5. Short-Time Work Allowance
The short-time work allowance is provided for employees who are considered as insured according to the Unemployment Insurance Law No.4447 and working in workplaces whose activities are wholly or partially ceased for at least four weeks regardless of this suspension is continuous or not or the weekly working time in the workplace is temporarily reduced by at least one-thirds due to general financial, sectorial or regional crisis or compelling reasons. The short-time work allowance is provided for three month period to the above-mentioned employees.
The employer who requests short-time work in the workplace makes a written notification to Turkish Employment Agency. In order to be able to benefit from the short-time work allowance, the employer’s request must be approved by the Turkish Employment Agency and the employee must be deemed as entitled to short-time work allowance in terms of the working times and the number of days of the unemployment insurance premium is paid at the date of the commencement of short-time work.
In order that the employee is to be entitled to the short-time work allowance, the employee must be on payroll for a period of minimum 60 consecutive days prior to the commencement of short-time work and 450 days during the last three years and the unemployment insurance premiums must have been paid during those periods in addition to the requirement of the request of the employer must be approved by the Turkish Employment Agency. It should be emphasized that the employee must be employed by the employer in order to be able to benefit from the short-time work allowance within the scope. Accordingly, the employee should not be dismissed by the employer during the period of short-time work, except for the reasons included in the Article 25/II of the Labour Law No. 4857 which are arising from the employee.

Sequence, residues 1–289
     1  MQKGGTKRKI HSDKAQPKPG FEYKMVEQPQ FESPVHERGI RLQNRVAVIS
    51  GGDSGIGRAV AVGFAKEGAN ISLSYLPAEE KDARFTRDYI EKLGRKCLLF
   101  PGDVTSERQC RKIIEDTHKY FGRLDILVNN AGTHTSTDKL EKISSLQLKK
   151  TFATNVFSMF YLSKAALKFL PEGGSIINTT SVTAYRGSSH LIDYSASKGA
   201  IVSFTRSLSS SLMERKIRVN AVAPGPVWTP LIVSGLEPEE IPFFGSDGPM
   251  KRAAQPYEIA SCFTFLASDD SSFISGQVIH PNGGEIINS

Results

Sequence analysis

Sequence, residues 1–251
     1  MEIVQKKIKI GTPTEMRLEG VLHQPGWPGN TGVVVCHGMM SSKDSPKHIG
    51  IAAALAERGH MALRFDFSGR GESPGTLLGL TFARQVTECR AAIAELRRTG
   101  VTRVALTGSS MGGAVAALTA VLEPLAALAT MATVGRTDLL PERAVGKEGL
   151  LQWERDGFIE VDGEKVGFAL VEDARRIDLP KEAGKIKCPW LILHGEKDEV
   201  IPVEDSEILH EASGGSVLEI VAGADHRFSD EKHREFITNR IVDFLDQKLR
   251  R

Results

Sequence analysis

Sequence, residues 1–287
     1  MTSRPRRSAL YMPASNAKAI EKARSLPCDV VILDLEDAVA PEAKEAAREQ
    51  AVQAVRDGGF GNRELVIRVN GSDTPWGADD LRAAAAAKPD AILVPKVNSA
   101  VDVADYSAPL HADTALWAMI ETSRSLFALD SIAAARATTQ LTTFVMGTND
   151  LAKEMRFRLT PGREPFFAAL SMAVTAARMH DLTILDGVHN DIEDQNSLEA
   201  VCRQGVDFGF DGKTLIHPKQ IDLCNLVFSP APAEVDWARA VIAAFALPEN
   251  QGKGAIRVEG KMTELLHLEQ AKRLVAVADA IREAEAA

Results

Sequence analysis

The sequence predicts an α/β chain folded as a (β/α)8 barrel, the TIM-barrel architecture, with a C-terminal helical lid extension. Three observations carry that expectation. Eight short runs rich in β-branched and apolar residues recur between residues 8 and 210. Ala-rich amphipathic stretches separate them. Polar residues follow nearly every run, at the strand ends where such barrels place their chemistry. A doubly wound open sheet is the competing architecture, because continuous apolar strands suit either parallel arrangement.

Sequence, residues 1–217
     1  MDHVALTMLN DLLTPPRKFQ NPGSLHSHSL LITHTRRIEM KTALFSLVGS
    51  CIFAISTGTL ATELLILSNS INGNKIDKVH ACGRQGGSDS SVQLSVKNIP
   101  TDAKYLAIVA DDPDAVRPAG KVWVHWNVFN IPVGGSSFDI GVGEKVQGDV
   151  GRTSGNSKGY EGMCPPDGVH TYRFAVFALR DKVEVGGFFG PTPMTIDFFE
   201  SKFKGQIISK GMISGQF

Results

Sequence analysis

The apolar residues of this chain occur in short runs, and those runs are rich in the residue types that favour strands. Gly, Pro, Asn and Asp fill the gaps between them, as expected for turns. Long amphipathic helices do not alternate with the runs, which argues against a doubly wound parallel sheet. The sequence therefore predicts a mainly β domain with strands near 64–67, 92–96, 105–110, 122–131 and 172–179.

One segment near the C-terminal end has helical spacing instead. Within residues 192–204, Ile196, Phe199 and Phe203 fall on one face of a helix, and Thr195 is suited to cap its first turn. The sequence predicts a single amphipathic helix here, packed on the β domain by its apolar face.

The amount of daily short-time work allowance is the 60% of daily gross average earning calculated by considering the earnings of the employee for the last twelve months. Short-time work allowance per month may not exceed 150% of the gross statutory minimum monthly pay.
In case the activity is completely ceased in the workplace, the allowance is received in full whereas if the working hours are partially reduced, the allowance is received for the non-working times. During this period, insurance premiums are also paid from the Unemployment Insurance Fund.
The Law on Reducing the Effects of New Coronavirus (Covid-19) Pandemic on Economic and Social Life and the Law on Amendment of Certain Laws No. 7244 which was published on Official Gazette on 17 April 2020 made a new arrangement on this issue in order to speed up the process. Accordingly, short-time work allowance can be made in accordance with the declarations of the employers without waiting for the appropriateness evaluation due to the epidemic outbreak. In case an overpayment is made because of the fact that the employer had provided incorrect information and documents, the payments made in this way will be collected from the employer along with its legal interest.
6. Compensatory Work
Pursuant to Article 64 of the Labour Law, in cases where the work has stopped due to compulsory reasons or the time worked has been considerably lower than the normal working time or where the employee is granted time of upon his/her request, the employer may call upon compensatory work within 2 months for the time lost due to non-worked periods.
The employer who will call upon compensatory work must clearly state one of the reasons listed in the Article 64 of the Labour Law for the compensatory work and inform the relevant employees on which date the compensatory work will start.
Compensatory work is carried out within 2 months following the disappearance of the compulsory reason that constitutes its source and the commencement of normal working periods of the workplace.
Compensatory work shall not exceed 3 hours per day and it shall not exceed the maximum daily working time which is 11 hours. Compensatory work shall not be carried out on holidays. Such work shall not be considered overtime work or work at extra hours. Employees should receive their wages in the same way for both non-working and compensatory work periods.
In the press release made by the President on 18 March 2020, it was declared that the compensatory work period will be increased to 4 months.